Bacterial Infections

Bacterial Infections

What is a bacterial infection?

A bacterial infection are caused by pathogenic microbial bacteria. Other forms of infection include staph infections, viral infections, and fungal infections (like yeast infections and ringworm). The vast majority (99%) of bacteria in a human body is harmless or even helpful. In fact, bacteria aids in digestion, provides nutrients to the body, and fights off harmful microbes. Sometimes, though, harmful bacteria will begin to reproduce and cause a bacterial infection.


How do bacterial infections spread?

Bacterial infections can be spread by contact with an infected person (coughing, sneezing, kissing), contaminated surface, or infected animal (pet or pet fleas and ticks). 

How long do bacterial infections last?

Some bacterial infections last longer than others. They can be as short as a few days or can drag on for months. Some are even chronic and come back time and again over the course of a person's life.

How do you treat a bacterial infection?

Bacterial infections are most often treated with antibiotics. Unfortunately, bacteria are adaptable and some have developed immunity to certain forms of antibiotics. Viral infections, unlike bacterial infections, cannot be treated with antibiotics. They are sheltered from pharmaceutical medicine, which usually move through your bloodstream. There are a few antiviral medicines available. The good news is that vaccines can help prevent you from getting many viral diseases like polio, measles, HPV, the flu, and chickenpox.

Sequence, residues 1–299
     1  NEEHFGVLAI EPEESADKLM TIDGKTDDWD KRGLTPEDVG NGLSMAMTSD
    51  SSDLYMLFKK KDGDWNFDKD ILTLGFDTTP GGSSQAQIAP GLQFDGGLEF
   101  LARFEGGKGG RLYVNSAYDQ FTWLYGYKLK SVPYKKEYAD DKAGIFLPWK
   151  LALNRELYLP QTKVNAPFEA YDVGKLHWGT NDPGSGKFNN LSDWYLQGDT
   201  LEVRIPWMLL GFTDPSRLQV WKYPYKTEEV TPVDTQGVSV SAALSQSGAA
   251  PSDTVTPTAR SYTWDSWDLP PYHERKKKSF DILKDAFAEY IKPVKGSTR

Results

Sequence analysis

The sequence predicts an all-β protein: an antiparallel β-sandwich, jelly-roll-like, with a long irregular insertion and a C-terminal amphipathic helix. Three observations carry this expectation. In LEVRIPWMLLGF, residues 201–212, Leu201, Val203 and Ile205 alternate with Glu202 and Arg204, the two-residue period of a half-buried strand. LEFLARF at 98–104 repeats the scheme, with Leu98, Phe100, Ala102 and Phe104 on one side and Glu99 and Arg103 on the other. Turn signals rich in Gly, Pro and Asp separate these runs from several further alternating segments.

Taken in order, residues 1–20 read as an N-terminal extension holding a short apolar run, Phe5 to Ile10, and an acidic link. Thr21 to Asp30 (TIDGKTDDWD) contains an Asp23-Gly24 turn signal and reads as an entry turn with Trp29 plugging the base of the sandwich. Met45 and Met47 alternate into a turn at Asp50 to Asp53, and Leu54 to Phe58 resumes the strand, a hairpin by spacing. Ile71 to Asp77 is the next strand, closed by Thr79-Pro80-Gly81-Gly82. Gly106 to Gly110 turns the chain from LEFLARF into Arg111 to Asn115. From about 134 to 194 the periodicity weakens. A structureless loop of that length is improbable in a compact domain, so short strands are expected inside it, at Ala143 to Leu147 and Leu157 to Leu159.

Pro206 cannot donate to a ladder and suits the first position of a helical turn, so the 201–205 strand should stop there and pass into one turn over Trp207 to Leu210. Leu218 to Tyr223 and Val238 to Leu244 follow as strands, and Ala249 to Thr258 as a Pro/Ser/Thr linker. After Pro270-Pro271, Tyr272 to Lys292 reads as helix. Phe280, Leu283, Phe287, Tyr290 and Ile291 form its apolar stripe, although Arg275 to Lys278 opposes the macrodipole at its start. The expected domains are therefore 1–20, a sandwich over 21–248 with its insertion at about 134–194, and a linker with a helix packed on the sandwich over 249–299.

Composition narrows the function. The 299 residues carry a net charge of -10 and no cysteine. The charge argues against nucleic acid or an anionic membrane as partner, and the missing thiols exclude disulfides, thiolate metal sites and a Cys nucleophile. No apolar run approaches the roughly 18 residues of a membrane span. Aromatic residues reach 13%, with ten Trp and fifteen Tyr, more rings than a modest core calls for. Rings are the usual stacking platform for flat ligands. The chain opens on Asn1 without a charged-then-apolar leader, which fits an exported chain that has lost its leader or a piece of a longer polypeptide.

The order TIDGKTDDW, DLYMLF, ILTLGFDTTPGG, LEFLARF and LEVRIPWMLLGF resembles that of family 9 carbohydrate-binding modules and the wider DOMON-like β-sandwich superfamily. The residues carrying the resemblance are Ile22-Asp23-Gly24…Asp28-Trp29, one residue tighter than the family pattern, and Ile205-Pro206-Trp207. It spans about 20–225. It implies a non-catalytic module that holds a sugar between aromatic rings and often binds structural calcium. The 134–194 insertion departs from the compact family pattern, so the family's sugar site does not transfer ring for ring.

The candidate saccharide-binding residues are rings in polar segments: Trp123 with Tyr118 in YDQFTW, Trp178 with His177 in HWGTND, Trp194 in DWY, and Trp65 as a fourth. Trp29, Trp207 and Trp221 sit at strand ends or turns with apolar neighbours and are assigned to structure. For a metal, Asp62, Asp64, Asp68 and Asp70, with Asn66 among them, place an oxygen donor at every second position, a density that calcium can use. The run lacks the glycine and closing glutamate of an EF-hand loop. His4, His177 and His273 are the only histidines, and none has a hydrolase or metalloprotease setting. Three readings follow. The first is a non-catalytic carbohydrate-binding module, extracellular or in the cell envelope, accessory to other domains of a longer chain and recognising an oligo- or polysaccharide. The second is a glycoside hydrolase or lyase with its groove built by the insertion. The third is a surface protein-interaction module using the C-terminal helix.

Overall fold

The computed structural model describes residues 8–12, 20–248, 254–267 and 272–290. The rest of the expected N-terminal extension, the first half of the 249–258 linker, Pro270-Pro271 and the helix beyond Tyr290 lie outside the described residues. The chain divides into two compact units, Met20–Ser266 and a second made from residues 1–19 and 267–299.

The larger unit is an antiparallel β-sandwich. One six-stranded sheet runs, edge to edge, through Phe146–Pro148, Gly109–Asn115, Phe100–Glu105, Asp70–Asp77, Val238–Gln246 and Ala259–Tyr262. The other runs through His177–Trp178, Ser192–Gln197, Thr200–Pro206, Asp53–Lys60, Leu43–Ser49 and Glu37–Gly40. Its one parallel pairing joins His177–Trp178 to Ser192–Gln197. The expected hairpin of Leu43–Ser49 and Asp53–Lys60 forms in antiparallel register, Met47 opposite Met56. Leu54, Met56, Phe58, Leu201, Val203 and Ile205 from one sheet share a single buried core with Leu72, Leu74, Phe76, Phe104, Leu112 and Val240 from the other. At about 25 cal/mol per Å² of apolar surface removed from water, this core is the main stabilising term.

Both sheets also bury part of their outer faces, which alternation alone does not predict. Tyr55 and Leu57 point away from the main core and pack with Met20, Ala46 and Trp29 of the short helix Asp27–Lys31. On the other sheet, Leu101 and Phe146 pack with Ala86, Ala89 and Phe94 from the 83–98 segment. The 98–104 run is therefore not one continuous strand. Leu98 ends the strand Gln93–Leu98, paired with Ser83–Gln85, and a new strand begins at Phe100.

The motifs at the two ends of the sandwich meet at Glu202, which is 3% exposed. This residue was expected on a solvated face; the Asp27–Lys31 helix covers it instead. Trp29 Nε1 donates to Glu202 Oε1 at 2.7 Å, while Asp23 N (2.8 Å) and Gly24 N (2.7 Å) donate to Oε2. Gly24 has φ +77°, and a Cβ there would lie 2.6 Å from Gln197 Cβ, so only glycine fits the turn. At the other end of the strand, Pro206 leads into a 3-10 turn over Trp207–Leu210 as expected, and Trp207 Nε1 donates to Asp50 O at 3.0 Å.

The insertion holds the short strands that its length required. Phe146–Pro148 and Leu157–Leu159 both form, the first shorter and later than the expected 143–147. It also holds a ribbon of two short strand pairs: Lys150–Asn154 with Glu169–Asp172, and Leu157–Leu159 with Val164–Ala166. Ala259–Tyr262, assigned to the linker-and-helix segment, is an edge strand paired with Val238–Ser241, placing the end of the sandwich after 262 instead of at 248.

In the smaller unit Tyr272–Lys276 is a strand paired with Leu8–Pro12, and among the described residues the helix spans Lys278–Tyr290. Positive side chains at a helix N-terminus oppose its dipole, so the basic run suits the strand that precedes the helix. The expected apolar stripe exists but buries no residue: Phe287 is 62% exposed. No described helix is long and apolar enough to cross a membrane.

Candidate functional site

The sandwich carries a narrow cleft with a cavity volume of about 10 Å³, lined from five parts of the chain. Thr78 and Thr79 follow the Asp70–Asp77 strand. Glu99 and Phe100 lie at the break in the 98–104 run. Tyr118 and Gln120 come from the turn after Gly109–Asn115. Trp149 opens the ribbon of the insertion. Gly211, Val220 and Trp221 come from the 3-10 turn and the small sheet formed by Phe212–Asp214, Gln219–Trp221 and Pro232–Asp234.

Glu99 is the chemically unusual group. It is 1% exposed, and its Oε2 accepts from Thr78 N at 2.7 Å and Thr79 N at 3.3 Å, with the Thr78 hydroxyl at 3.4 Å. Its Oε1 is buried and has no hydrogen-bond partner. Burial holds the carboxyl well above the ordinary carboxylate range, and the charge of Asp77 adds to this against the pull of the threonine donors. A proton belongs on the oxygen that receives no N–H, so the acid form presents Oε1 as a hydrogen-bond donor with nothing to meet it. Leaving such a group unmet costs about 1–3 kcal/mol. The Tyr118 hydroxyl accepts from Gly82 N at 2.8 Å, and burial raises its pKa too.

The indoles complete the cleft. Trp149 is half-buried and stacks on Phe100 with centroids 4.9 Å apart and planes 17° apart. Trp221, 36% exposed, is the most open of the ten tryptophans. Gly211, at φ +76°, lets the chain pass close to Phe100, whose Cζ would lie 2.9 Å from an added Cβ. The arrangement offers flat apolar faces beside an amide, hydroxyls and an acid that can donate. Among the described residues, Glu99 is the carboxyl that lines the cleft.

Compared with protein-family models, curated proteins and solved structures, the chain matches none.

What puts someone at risk for developing a bacterial infection?

The over-use of antibiotics can lead to an immune-system deficiency which makes your body more susceptible to developing all sorts of infections. Additionally, poor nutrition and/or food allergies can sometimes lead to bacterial infections.



National Institute of Allergy and Infectious Diseases.

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